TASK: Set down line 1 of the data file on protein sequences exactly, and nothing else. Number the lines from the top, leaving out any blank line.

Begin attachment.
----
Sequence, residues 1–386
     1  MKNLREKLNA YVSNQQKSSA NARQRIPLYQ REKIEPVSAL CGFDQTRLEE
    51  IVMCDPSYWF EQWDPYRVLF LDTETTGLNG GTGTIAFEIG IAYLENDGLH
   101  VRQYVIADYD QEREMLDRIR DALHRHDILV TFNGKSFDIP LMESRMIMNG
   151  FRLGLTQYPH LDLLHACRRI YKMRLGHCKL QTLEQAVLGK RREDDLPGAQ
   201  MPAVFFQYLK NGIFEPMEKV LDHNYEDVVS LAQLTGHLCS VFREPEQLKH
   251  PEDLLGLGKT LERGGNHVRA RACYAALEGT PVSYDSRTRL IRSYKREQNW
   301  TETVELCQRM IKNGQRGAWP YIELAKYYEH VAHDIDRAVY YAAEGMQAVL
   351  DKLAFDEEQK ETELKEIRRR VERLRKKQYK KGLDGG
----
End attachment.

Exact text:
Sequence, residues 1–386